Navy renews call for Japan not to use controversial flag in fleet review

SEOUL, Oct. 4 (Yonhap) -- South Korea's Navy on Thursday made another call for Japan not to hoist a controversial flag, symbolic of its past imperialism, in its once-in-a-decade international fleet review next week.

The Navy has encouraged 14 participating countries, including Japan, to use their national flags and South Korea's flag, Taegeukgi. But Japan's Maritime Self-Defense Forces insists on hoisting its Rising Sun Flag during the review in waters off the southern island of Jeju on Thursday.

"Our stance that the participating countries should hoist their national flags and Taegeukgi remains unchanged," Kim Tae-ho, a senior Navy press officer, said during a press briefing.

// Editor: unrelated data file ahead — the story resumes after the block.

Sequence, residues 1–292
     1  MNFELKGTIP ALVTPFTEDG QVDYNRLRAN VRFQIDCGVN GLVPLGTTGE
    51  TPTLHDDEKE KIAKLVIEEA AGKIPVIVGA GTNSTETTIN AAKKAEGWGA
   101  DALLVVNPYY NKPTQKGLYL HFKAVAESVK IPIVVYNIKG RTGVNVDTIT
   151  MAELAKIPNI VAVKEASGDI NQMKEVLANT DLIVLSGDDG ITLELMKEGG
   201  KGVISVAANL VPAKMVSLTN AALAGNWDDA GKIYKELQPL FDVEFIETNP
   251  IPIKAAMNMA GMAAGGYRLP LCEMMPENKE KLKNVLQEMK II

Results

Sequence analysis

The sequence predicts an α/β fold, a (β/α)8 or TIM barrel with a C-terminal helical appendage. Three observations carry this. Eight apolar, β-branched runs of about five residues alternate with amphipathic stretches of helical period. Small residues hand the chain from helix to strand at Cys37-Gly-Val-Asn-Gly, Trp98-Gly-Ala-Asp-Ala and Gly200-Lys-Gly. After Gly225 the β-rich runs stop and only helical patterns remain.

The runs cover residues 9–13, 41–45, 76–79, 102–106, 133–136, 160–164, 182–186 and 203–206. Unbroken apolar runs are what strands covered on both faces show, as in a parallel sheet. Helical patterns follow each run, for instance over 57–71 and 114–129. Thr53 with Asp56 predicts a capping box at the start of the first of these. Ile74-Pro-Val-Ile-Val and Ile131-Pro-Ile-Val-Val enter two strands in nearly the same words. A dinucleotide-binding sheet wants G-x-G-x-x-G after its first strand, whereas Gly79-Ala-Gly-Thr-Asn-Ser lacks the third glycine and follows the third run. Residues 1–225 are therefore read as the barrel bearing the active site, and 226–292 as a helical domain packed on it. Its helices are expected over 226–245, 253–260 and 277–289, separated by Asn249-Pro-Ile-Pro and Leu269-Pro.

Japan has rejected South Korean calls to keep the Rising Sun Flag at home, saying its naval ships are required by law to hoist that flag, which it said has been recognized as an indicator of the ship's country under the U.N. Convention on the Law of the Sea.

Amid growing public protest here, an argument has surfaced that South Korean President Moon Jae-in should receive the fleet review aboard a naval ship named after Dokdo, South Korea's easternmost islets. Japan has persistently claimed sovereignty over the islets.

Asked about the argument, Kim said, "There is nothing I know about it at this point in time."

The display of Japan's Rising Sun flag is likely to inflame public sentiment in Korea, where historical animosity over the wrongdoings of the country's onetime colonizer, still runs deep. Japan occupied the peninsula from 1910-45.

The fleet review is designed to promote harmony and world peace with the participation of naval vessels from many countries. South Korea first held the international event in 1998 to mark the 50th anniversary of its military's founding. It has since held the event every decade.

Source: Yonhap News Agency

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